Next two years rosy for fed IT

Agency officials describe do's and don'ts for vendors

"I keep hoping [vendors] will walk in with the international terrorist phone book ? addresses and phone numbers. But they only have hardware and software." ? Jim Reid, director of architecture and systems engineering at the CIA

Henrick G. de Gyor

"We always have a need for female, minority-owned, small, disadvantaged business in a HUB zone with security clearance."? Bruce Brody, associate deputy assistant secretary for cybersecurity at the Veterans Affairs

Henrik G. de Gyor

From left, Roger Waldron and Mary Whitley, both of GSA, and Stephen Charles of immixGroup spoke about the procurement environment at FedFocus 2003.

Henrik G. de Gyor

The federal information technology marketplace will be filled with contract opportunities during the next two years, but contractors seeking success in the rapidly growing market must focus on meeting individual agencies' needs rather than selling their own strengths.

Speaking at the FedFocus 2003 conference, put on by market research and consulting firm Input Inc., Chantilly, Va., government and industry officials said IT companies should look for growth in areas such as homeland security, e-government enterprise architecture and information assurance.

Input estimated the government will purchase about $40.3 billion in IT and services in fiscal 2003, growing to $44.7 billion in 2004, said Kevin Plexico, executive vice president. Fiscal 2003 began Oct. 1, though many departments and agencies are operating under continuing resolutions because Congress has yet to approve appropriations for them.

"We usually do a five-year focus, but this time it's on 12 to 24 months," Plexico said, because the market "is growing about twice as fast as [it did] five years ago."
President Bush has requested $52 billion in IT spending for fiscal 2003. Input's estimate included only the money that agencies are expected to spend purchasing IT goods and services from the private sector. Its market forecast does not include internal government IT spending, such as the salaries of government technology employees.

Spending by civilian agencies is expected to grow an average of 9 percent annually through fiscal 2004, from $19.3 billion in fiscal 2002 to $22.9 billion in 2004. But defense agencies' expenditures are estimated to grow even faster, by 11 percent per year on average, up from $17.8 billion in 2002 to $21.8 billion in 2004.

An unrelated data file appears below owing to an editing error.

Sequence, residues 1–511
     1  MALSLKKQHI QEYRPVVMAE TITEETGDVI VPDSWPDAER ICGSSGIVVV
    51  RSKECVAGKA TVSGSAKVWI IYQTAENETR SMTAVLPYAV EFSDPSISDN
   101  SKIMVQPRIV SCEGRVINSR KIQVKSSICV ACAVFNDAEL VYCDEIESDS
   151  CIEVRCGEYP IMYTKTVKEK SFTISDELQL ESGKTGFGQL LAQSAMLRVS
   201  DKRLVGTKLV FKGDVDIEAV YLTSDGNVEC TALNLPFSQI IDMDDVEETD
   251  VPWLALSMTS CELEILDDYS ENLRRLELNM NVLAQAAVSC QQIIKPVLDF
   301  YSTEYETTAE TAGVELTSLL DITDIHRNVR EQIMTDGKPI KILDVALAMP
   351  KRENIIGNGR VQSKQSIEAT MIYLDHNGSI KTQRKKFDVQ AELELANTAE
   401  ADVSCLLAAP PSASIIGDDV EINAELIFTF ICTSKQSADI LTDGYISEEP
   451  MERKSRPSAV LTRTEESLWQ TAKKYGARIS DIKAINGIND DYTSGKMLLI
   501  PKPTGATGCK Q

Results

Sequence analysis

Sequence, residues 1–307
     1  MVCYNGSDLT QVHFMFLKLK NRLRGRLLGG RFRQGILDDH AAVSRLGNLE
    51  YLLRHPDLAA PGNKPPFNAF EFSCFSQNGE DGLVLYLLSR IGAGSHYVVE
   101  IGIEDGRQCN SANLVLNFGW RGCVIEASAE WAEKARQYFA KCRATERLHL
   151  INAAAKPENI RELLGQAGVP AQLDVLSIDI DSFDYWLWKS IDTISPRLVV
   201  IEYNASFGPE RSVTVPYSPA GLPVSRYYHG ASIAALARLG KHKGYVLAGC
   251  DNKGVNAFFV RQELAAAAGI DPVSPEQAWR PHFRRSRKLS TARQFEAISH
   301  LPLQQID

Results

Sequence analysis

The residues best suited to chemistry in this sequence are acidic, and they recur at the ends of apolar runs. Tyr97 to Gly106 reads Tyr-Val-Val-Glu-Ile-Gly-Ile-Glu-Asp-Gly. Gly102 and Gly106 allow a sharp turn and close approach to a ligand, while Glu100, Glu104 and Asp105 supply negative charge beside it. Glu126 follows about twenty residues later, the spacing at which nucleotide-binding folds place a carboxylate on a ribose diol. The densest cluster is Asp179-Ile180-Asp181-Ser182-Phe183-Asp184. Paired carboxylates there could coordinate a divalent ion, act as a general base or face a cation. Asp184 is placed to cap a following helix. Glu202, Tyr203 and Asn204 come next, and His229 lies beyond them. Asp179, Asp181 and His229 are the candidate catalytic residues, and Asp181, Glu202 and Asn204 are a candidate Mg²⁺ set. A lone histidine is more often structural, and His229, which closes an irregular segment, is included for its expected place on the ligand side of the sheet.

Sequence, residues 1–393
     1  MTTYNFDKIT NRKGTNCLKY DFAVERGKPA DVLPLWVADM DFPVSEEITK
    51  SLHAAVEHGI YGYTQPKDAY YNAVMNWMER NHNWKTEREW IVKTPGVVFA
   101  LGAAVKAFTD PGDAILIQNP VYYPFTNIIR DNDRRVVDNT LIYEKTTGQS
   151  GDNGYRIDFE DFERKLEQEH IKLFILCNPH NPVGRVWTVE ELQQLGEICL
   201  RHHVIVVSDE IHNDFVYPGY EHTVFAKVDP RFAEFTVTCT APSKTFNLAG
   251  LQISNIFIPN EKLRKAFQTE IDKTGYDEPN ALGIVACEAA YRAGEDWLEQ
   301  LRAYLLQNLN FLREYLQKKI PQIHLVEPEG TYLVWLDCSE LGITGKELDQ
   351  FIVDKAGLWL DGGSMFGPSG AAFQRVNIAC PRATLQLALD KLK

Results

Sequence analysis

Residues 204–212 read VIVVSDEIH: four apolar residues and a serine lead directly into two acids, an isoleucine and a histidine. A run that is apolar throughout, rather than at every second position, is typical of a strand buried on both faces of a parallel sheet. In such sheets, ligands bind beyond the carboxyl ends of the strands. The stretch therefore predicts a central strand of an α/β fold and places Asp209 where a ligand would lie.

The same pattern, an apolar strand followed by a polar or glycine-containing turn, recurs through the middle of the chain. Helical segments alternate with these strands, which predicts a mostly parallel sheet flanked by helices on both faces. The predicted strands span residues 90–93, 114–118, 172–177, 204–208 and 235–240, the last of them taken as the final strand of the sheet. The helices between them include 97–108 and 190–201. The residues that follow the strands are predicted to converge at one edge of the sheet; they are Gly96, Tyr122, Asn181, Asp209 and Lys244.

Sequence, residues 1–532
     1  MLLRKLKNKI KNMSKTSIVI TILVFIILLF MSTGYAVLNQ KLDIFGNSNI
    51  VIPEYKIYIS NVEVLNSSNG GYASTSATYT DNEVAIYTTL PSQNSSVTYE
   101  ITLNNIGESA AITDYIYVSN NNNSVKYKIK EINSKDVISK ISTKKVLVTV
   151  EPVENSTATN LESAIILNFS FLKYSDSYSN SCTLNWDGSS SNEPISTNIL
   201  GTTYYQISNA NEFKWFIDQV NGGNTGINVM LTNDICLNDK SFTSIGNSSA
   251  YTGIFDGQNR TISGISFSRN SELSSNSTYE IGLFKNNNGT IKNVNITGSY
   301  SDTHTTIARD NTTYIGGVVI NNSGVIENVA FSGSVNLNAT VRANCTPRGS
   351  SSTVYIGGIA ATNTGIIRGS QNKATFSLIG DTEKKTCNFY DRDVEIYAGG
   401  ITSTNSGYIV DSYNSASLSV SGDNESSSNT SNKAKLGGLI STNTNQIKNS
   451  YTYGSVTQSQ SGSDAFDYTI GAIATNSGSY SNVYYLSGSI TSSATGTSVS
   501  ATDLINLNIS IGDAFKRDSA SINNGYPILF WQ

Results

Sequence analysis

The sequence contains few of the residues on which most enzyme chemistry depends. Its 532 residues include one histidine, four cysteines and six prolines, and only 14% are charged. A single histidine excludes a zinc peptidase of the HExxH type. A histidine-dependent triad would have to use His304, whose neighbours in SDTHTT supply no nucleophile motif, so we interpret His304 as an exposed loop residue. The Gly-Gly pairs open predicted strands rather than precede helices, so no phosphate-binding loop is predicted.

The Air Force, Navy, Army, the departments of Defense, Transportation (in-

cluding the Transportation Security Administration), Treasury, Health and Human Services, Justice and Agriculture, the proposed Homeland Security Department and NASA will represent 80 percent of federal IT spending in 2003, Plexico said.

In homeland security, vendors can help agencies identify solutions, while in e-government, vendors need to provide real solutions, not quick fixes, Plexico said.

Information assurance means including security as an aspect of every solution, while the key to enterprise architecture is focusing on interoperability and collaboration.

As for competitive sourcing, also known as outsourcing, aspiring providers can best help the government by helping to build the business case to justify the change, he said.

These views were supported by more than a dozen representatives from the Office of Homeland Security, General Services Administration, TSA, National Institute of Standards and Technology, Office of Management and Budget and other agencies who spoke at the conference.

Representatives from the CIA and Department of Veterans Affairs described some of the most common problems they face in dealing with IT companies, and offered advice on how contractors can turn opportunities into business.

"Buying software from most of your companies is worse than buying a used car," said Jim Reid, director of architecture and systems engineering at the CIA. Part of the problem is the wide variety of licensing schemes used throughout the industry, he said. In addition, software upgrades can cause data corruption and incompatibility from version to version.

Reid said the biggest headache is how companies impose their standards on agency processes by offering solutions that only work with data that gets structured into the vendor's proprietary format.
As for inflated claims of homeland security "solutions," Reid said: "I keep hoping they'll walk in with the international terrorist phone book -- addresses and phone numbers. But they only have hardware and software."

The CIA official said the agency wants vendors with trustworthy employees, including ex-employees. Companies must expect to have their staffs checked by the CIA, and understand the agency can reject particular employees for undisclosed reasons.

Reid also said the CIA is looking for corporate partners it can trust with the design and manufacture of products and who are responsive to problems.

Bruce Brody, the VA's associate deputy assistant secretary for cybersecurity, said his biggest aggravation comes from sales calls that are a waste of time. Cold calls and cold e-mails are dead ends, he said, and his own calendar is booked for months in advance, so a salesperson should be willing and able to speak to his subordinates.

Once a company is in the door, "don't bring point solutions," Brody said, such as standalone products that aren't interoperable or solutions that don't meet the agency's priorities. "We have enterprisewide problems. We want scalable solutions ... [and] please bring people who can answer questions and make commitments."

On the other hand, the VA is actively encouraging small businesses that have cybersecurity expertise to come forward.

"We always have a need for female, minority-owned, small, disadvantaged business in a HUB zone with security clearance," Brody said. *

Staff Writer Patience Wait can be reached at

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